This is why Mac McCleary is right about the Cassandra effect of Biggert-Waters, and overly optimistic about the potential of the private insurance industry to play the role of the cavalry.  The private insurance industry will cherry pick its risks and retreat when necessary. At best, it may be the front-end servicer of government-insurer-of-last resort programs, as it currently is for NFIP.  But in the intermediate to long-term, the private sector will not add capacity, and will not reduce rates.  Because it can’t.  At best, it will stimulate economic prioritization of private sector decision-making in defining the risk-reward prospects of personal and commercial investment–Darwinian Economic Displacement.

    *  *  *

    As for me, I’ve defined my own personal benchmark for determining when the retail insurance industry and the rest of the FIRE (Finance, Insurance, Real Estate) industry encounter a come-to-reality moment.

    There is a distinction that still is not appreciated between properties that are subject to periodic storm flooding, and those that are subject to eventual and permanent routine daily inundation from sea level rise.  Intermittent storm flooding may remain insurable for some at some price.  But, as I have previously noted, routine inundation probably is not, according to the norms of insurance underwriting (possibility of loss is insurable; certainty of loss is not).  However, there is a window of opportunity for insurers relative to properties subject to ultimate inundation in twenty to fifty years.  It is conceivable that insurers might write policies (at some price) to protect such properties, and their collateral loans, from premature compromise by sea level rise ahead of projections.

    Such a policy would be significant in two respects:

    –  It would evidence the insurance industry’s acceptance of climate change and a phenomenon (in sea level rise) the consequences of which it has yet to address to my knowledge.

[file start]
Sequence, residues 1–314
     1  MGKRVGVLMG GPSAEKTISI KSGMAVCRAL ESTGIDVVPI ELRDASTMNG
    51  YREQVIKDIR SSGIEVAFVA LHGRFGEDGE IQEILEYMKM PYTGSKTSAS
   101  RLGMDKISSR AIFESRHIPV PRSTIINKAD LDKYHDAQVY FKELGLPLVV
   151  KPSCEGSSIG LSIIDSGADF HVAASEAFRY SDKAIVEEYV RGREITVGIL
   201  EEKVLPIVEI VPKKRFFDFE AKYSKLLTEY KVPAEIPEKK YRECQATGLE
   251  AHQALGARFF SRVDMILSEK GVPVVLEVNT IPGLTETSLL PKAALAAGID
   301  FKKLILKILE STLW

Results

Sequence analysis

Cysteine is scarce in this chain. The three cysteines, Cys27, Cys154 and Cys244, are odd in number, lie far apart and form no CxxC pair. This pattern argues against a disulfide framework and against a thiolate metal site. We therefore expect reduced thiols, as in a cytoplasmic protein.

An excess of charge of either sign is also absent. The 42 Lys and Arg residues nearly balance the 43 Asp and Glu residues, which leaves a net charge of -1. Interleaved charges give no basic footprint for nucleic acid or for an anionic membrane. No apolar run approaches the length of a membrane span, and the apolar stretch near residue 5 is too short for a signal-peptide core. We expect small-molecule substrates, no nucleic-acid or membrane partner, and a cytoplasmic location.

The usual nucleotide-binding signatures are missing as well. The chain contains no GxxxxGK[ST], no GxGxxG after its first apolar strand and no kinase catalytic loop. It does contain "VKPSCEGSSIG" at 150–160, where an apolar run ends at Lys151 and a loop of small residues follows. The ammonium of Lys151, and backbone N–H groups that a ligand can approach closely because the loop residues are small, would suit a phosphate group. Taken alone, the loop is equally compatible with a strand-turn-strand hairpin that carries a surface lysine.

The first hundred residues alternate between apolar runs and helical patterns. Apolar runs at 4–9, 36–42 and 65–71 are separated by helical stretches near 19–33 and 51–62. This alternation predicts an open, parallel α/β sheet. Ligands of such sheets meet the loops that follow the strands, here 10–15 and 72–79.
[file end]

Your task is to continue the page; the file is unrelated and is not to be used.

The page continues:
–  It will put a time-line to its critical impact, a prerequisite for underwriting the risk.

    With the introduction of such a policy, sea level rise and climate change more generally will have transcended the debate of passionate lunies on the left and right, and will be ratified by the most staid of Establishment institutions.

    End-game of debate.  As for evolving reality, the beat goes on.

    Meanwhile, good luck riding the wave, Dude.



But What If I’m Wrong?

“But what if I’m wrong?”

A novel question, don’t you think?

This seems to be a preposterous question to many experts and people of authority. Their degrees and titles are accumulated like armor to shield them from such questioning by others, and our narcissistic society of recent decades does much to program high levels of ‘self-esteem’ and ’empowerment’ to fill in any gaps in credentials. Can you picture Larry Summers or John Boehner or Larry Ellison or Marissa Mayer asking this?

As an auditor and consultant who has spent much of my time questioning the wisdom of others, I am exposed to the occupational hazard of turning those weapons of critical inquiry on one’s self. Fortunately, it is rarely suicidal, and it can sometimes have the benefit of alerting one to one’s own foolishness before it is brought to one’s attention by others, ….generally not gently.